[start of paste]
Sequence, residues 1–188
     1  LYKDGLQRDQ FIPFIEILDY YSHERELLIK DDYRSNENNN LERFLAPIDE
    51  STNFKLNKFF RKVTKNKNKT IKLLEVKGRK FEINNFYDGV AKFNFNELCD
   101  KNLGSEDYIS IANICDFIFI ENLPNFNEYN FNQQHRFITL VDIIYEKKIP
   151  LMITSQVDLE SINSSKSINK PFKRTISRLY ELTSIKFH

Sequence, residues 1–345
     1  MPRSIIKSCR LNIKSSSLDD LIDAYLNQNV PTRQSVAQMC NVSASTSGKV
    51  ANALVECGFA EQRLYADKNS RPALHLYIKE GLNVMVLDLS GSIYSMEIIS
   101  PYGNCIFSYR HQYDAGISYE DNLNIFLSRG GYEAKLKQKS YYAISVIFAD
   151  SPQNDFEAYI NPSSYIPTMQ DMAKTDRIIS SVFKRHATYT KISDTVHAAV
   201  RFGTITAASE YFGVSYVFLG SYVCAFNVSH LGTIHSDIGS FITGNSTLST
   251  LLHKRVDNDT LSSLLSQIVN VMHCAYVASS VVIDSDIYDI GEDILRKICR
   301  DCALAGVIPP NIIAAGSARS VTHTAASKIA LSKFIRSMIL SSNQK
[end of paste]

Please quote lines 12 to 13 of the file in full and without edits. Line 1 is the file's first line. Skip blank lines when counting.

   251  LLHKRVDNDT LSSLLSQIVN VMHCAYVASS VVIDSDIYDI GEDILRKICR
   301  DCALAGVIPP NIIAAGSARS VTHTAASKIA LSKFIRSMIL SSNQK